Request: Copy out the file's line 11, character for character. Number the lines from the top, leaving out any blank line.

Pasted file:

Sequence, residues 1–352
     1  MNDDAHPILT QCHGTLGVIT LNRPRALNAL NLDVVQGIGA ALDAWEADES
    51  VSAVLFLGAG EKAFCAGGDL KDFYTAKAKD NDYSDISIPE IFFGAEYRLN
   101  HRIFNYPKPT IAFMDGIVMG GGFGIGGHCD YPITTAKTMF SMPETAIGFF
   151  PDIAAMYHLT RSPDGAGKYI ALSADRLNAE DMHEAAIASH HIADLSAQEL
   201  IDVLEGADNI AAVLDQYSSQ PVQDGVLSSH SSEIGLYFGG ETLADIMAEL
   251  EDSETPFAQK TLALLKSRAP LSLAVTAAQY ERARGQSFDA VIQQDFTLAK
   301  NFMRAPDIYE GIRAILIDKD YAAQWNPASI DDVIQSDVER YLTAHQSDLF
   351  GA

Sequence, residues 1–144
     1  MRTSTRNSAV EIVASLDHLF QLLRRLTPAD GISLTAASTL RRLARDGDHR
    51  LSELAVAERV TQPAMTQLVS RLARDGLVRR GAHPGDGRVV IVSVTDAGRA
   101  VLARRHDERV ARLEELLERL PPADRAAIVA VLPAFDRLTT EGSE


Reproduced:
     1  MRTSTRNSAV EIVASLDHLF QLLRRLTPAD GISLTAASTL RRLARDGDHR